For one thing, on the micro level the individual ultra-Orthodox family is trapped by circumstances not of its making. The father is likely to have an a eighth-grade general education at best, no job skills, and no experience of working or even looking for work. The mother's education may be marginally better, but unemployment among women is also high. Social pressures unimaginable to those outside their society led them to marry by age 20 and quickly have several children. In the surrounding society, they are foreigners, unfamiliar, uncomfortable, and often disliked. They are already living in poverty; a drop in state help will leave them more desperate, but not more employable.

Experience bears this out. In 2003, at the height of the Second Intifada, Prime Minister Ariel Sharon formed what was essentially a war government of the major parties, without the ultra-Orthodox. His finance minister, one Benjamin Netanyahu, pursued free-market policies with a passion. Along with tax cuts for better-off Israelis, he slashed state stipends to large families, a move affecting mainly the ultra-Orthodox and Israeli Arabs. Defying expectations of economic determinists, the change caused only a small drop in the haredi birth rate. Finances, it seems, can change culture, but it takes a long time. Ultra-Orthodox men didn't leave their studies in droves to work; they couldn't.

But it's true that poverty got even worse, and poverty is one reason for signs of change, at least on the edges of haredi society. Another factor is the Internet, which provides an avenue to knowledge of the outside world and forums for free discussion of internal issues.

Around Israel, a number of colleges have opened that cater exclusively to the ultra-Orthodox, offering professional tracks in single-sex classes. Studies begin with high-speed preparatory courses to make up for missing high-school education. There are several thousand haredi men and women in such programs—again, the numbers depend on who you count as haredi.  Depending on who you ask, this is an impressive start or far too little.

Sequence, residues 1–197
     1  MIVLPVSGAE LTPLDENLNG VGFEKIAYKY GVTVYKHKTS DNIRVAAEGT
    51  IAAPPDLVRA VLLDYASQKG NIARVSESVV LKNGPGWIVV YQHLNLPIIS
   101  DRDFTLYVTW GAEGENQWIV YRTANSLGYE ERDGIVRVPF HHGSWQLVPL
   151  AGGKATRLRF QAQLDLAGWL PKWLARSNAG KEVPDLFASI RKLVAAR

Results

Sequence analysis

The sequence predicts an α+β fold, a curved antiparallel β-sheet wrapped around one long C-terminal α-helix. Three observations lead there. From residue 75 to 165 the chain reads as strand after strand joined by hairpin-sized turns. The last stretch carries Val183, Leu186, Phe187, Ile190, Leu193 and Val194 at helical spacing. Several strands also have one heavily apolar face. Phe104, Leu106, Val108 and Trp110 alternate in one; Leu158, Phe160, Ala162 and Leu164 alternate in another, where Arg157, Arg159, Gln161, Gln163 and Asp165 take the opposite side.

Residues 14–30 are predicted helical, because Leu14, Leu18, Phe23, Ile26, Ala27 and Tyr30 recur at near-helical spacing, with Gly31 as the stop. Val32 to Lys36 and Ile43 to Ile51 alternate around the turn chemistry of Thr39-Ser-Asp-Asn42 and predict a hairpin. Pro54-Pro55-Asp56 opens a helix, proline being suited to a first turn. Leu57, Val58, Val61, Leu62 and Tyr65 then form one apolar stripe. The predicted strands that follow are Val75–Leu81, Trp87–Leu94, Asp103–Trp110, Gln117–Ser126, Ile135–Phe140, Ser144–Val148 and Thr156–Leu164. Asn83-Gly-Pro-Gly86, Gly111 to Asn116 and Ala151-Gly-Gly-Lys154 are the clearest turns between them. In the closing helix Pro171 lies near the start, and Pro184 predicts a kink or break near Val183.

A bigger shift into the work world would require the government to lay out more money, not less. It would need to pay for vocational training and colleges; for programs that teach people how to look for work and how to keep a job; for scholarships to support families that now get by partly on small stipends paid by their kollelim. Politically, selling such programs would be a difficult balancing act: The ultra-Orthodox must be persuaded that they're not being asked to give up their religious beliefs. The Israeli majority must be persuaded to accept another kind of extra spending on the ultra-Orthodox now in return for a payoff later.

And there's a tougher political challenge: The job effort has to be temporary, not permanent. It has to be aimed at those who've already reached adulthood without a modern education. But it must be coupled with putting that kind of education into haredi schools—a move that the community's leaders will desperately resist.

This is the brief introduction. I could add several volumes on how complicated and essential this social change is, how hard it will be to negotiate. But an economic philosophy based on lower taxes for the rich and smaller government involvement—Benjamin Netanyahu's economic philosophy—isn't up to the job. Maybe Netanyahu can use a wider coalition to adopt some, well, unorthodox economic ideas. It would be nice to be surprised in the next episode of the Israeli political drama. But don't count on it.